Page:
Do I think S will lose his job?  It’s hard to say.  I believe that he’s the best, of course (I’m his wife, after all) – and luckily his work superiors enthusiastically agree with this – one of his superiors told me that a teacher like S comes along “once in a lifetime.”  But, and this is a really big ‘but,’ public sector firings have not been based – at any point – on productivity or the quality of a worker, but only on ‘horizontal’ criteria like ‘the birthdate of a worker.’  He works in a field – teaching – that can be eliminated if the government needs to cut expenses further.  After all, a teacher in every classroom – and schools altogether – can be replaced by a television channel for each grade level, with the students staying home and only one teacher needed for each grade level and subject, for the entire country.    (This is not my idea, by the way!)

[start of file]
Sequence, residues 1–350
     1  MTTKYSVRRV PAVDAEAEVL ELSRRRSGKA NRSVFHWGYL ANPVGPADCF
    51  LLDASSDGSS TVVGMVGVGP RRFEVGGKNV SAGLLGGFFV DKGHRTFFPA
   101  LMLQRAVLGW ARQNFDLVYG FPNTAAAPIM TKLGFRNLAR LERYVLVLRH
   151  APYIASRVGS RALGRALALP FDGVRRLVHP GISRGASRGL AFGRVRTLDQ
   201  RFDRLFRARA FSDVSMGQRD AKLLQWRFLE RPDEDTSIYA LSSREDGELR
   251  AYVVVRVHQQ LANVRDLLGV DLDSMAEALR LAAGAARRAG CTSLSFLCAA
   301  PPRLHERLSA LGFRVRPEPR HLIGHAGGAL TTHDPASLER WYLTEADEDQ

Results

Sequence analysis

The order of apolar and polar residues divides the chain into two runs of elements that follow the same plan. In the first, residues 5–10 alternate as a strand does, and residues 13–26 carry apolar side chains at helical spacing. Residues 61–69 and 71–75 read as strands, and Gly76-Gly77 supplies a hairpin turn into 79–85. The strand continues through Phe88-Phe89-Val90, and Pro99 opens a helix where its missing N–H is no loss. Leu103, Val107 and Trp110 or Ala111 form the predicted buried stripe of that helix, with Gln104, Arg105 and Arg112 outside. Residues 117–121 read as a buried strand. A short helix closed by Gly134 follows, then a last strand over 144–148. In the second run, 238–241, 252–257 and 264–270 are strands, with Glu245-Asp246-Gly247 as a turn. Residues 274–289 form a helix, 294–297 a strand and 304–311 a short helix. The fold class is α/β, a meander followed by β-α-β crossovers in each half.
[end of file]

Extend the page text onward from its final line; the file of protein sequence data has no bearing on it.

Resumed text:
And we don’t even have to go that far.  It would only take the stroke of a pen to eliminate over half the teaching jobs in Greece by eliminating entire courses and fields from the curriculum.  Who needs classes in health & physical education, art, music, environmental science & geology, advanced math, foreign languages, computers & technology, ….  You get the idea.  A school that only teaches Greek, basic math and science, history, and religion (lest the Church get upset) and sends the kids home by 11am – what a huge discount for the government!

Do I believe it will happen?  No, I don’t.  But I didn’t believe a lot of the other things that have already happened, so I eat humble pie and prepare for the worst.  If you live in Greece, I urge you to consider doing the same.  Remember:  death is 3 minutes without air, 3 days without water, 3 weeks without food (3 months if you sleep the whole time):  secure your water and food security as soon as you are able to.

You might also like:
Food storage tips
Food storage in Critical Greece
Greek frugal cooking, circa 1941
Water:  please just trust me on this one…
Frugality, eclipsed

9 thoughts on “surviving the new unemployment

  1. Precarious indeed!

    Many, many blessings to you and S.

    I think a link to your hospital/ media coverage of Greece blog should go to On the Media, an NPR show about media reporting. If you don’t mind, I’ll try. If you’d rather not, just respond to this and I won’t.